Dr. Walter Bradley explains the requirements for life of any imaginable kind

I was talking to a friend of mine earlier this week about my experiences as an undergraduate in college, and it turns out that both of us relied on the same web site to get us through our late teens and early 20s. The web site is Leadership University, and it features articles on many different topics from Christian professors.

Here’s an article by famous mechanical engineering professor Walter Bradley to explain what it takes for a universe that supports complex, embodied life.

Excerpt:

We teach mechanical engineering students to begin the design process by specifying as clearly as possible the “needs statement” for their project. Then, the assignment for the semester is to develop a design solution that accomplishes the “need(s)” specified for the project. In similar fashion, the minimal needs to be satisfied for a universe to be capable of supporting life of any imaginable type, not just life as we know it, must be identified. Like our automobile illustration, many of the specifications will necessarily be interrelated to make a functional universe. From this essential “needs statement” we can then see how these needs (or design requirements) are met in our universe. We are essentially doing reverse engineering, constructing the blueprint backwards from the product (like an illicit manufacturing company copying a competitor’s product). Only then will we be ready to entertain Dawkins’ question, “Are there many ways in which these requirements could be satisfied within nature?” Or are the conditions so unique and interrelated that their collective satisfaction by accident would be a “miracle” in its own right? Let us then begin by drafting a “needs statement” for a habitable universe. Then we shall see how these requirements are satisfied in our universe.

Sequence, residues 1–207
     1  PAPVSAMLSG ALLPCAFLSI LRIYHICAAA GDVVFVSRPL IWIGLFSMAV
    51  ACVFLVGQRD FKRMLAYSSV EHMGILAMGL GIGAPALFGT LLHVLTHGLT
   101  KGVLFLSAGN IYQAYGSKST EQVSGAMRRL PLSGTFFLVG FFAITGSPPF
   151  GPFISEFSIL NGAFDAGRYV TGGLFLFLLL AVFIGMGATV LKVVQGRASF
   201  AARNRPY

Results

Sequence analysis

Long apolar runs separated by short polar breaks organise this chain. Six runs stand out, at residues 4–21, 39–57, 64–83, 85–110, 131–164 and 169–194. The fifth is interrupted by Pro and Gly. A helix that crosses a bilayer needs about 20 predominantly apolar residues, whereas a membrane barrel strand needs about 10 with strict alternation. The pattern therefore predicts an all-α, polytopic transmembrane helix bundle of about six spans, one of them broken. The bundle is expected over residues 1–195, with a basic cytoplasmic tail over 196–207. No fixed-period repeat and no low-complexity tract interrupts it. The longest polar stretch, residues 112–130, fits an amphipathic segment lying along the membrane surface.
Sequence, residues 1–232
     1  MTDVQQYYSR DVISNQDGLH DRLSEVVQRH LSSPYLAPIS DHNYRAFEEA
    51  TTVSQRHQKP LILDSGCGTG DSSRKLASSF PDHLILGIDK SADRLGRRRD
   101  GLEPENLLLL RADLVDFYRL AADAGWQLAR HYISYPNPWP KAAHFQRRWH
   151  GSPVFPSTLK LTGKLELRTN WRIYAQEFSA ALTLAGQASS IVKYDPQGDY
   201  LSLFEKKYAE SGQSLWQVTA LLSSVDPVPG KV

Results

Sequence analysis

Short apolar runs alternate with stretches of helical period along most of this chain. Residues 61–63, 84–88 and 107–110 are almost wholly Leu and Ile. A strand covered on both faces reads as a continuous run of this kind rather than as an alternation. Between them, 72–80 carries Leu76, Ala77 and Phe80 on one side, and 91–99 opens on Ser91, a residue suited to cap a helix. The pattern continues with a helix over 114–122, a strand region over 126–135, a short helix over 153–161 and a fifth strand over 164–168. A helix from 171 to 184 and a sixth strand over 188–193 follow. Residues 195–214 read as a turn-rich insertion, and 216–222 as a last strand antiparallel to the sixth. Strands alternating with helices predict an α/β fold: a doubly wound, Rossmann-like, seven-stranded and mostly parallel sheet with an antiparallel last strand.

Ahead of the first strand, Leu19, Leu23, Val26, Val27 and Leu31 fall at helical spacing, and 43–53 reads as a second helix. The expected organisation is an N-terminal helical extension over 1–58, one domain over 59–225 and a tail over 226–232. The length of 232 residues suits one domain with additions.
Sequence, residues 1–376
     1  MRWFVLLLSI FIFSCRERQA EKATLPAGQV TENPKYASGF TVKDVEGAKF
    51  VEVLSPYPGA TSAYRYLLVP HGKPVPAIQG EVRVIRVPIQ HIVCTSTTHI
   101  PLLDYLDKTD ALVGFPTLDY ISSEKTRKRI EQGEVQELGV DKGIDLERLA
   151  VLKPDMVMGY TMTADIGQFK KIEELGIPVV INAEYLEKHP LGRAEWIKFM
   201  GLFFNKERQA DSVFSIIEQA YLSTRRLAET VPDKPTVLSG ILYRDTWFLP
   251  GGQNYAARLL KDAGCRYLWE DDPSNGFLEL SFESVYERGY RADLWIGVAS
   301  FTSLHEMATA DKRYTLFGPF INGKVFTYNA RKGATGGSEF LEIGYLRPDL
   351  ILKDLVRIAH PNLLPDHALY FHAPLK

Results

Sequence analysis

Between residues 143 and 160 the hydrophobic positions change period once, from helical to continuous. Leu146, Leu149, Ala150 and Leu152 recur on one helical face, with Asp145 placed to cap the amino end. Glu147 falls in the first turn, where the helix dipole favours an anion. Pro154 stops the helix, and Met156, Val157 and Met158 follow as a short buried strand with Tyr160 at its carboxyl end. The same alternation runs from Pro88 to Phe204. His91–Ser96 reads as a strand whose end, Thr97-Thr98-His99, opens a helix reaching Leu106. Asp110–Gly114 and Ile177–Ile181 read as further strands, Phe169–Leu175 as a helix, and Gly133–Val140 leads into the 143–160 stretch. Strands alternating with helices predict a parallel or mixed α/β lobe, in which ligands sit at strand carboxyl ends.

Needs Statement for a Suitable Universe

An abbreviated list of requirements for a universe suitable to support life of any imaginable type must include the following items:

  • Order to provide the stable environment that is conducive to the development of life, but with just enough chaotic behavior to provide a driving force for change.